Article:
1 How many sheep are straying,
Lost from the Saviour's fold!
Upon the lonely mountain,
They shiver with the cold;
Within the tangled thickets,
Where poison-vines do creep,
And over rocky ledges,
Wander the poor lost sheep.
O come, let us go and find them;
In the paths of death they roam;
At the close of the day 'twill be sweet to say,
"I have brought some lost one home."
2 O who will go to find them?
Who, for the Saviour's sake,
Will search with tireless patience,
Thro’ brier and thro’ brake?
Unheeding thirst or hunger,
Who still from day to day,
Will seek, as for a treasure,
The sheep that go astray? [Refrain]
3 How sweet 'twound be at evening,
If you and I could say,
Good Shepherd we've been seeking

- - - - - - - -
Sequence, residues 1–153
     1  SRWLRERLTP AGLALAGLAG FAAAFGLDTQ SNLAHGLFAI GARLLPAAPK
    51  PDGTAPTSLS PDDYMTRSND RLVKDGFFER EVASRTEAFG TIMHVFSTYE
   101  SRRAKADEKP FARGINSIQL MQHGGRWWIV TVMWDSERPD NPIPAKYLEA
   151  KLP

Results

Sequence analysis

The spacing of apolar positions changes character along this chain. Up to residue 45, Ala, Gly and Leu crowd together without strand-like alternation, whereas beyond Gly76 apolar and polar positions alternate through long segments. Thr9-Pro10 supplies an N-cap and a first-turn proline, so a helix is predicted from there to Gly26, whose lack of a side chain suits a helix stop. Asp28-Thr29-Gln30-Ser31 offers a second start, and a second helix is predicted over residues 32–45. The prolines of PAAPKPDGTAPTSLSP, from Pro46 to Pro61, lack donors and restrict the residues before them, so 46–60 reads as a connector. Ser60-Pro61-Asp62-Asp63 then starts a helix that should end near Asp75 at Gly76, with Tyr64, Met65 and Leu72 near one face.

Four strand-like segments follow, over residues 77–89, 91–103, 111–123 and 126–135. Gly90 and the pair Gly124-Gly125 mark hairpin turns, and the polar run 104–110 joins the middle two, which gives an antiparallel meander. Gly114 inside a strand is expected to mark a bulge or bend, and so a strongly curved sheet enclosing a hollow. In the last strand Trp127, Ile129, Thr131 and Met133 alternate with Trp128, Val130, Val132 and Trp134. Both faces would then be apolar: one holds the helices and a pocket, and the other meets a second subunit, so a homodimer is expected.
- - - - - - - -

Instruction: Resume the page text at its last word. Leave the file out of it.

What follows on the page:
The sheep that went astray!
Heart-sore and faint with hunger,
We heard them making moan,
And, lo! we come at nightfall,
And bear them safely home. [Refrain]
Gates, Ellen, née Huntingdon, of Elizabeth, New Jersey, is the author of several popular pieces in the American Mission and Sunday School hymn-books. Of these the following have passed from the American books into Sankey's Sacred Songs and Solos:—
1. Come home, come home, you are weary at heart. Invitation.
2. I am now a child of God. Saved through Jesus.
3. I will sing you a song of that beautiful land. Concerning Heaven.
4. O the clanging bells of time. Yearning for Heaven.
5. Say, is your lamp burning, my brother. Watching and Waiting.
Concerning her poem which is used as a hymn in America, "If you cannot on the ocean" (Duty), Duffield says her account of its origin is as follows:—"The lines were written upo… Go to person page >
Display Title: The Lost SheepFirst Line: How many sheep are strayingTune Title: CHURAuthor: Ellen M. H. GatesMeter: 76.76 DSource: Bright Jewels for the Sunday School, by Robert Lowry et al. (New York: Biglow & Main, 1869)